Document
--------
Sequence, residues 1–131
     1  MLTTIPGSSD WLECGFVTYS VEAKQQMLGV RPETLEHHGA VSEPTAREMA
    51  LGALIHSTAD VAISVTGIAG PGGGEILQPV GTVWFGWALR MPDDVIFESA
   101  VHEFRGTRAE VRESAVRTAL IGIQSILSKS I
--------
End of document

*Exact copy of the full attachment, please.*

Sequence, residues 1–131
     1  MLTTIPGSSD WLECGFVTYS VEAKQQMLGV RPETLEHHGA VSEPTAREMA
    51  LGALIHSTAD VAISVTGIAG PGGGEILQPV GTVWFGWALR MPDDVIFESA
   101  VHEFRGTRAE VRESAVRTAL IGIQSILSKS I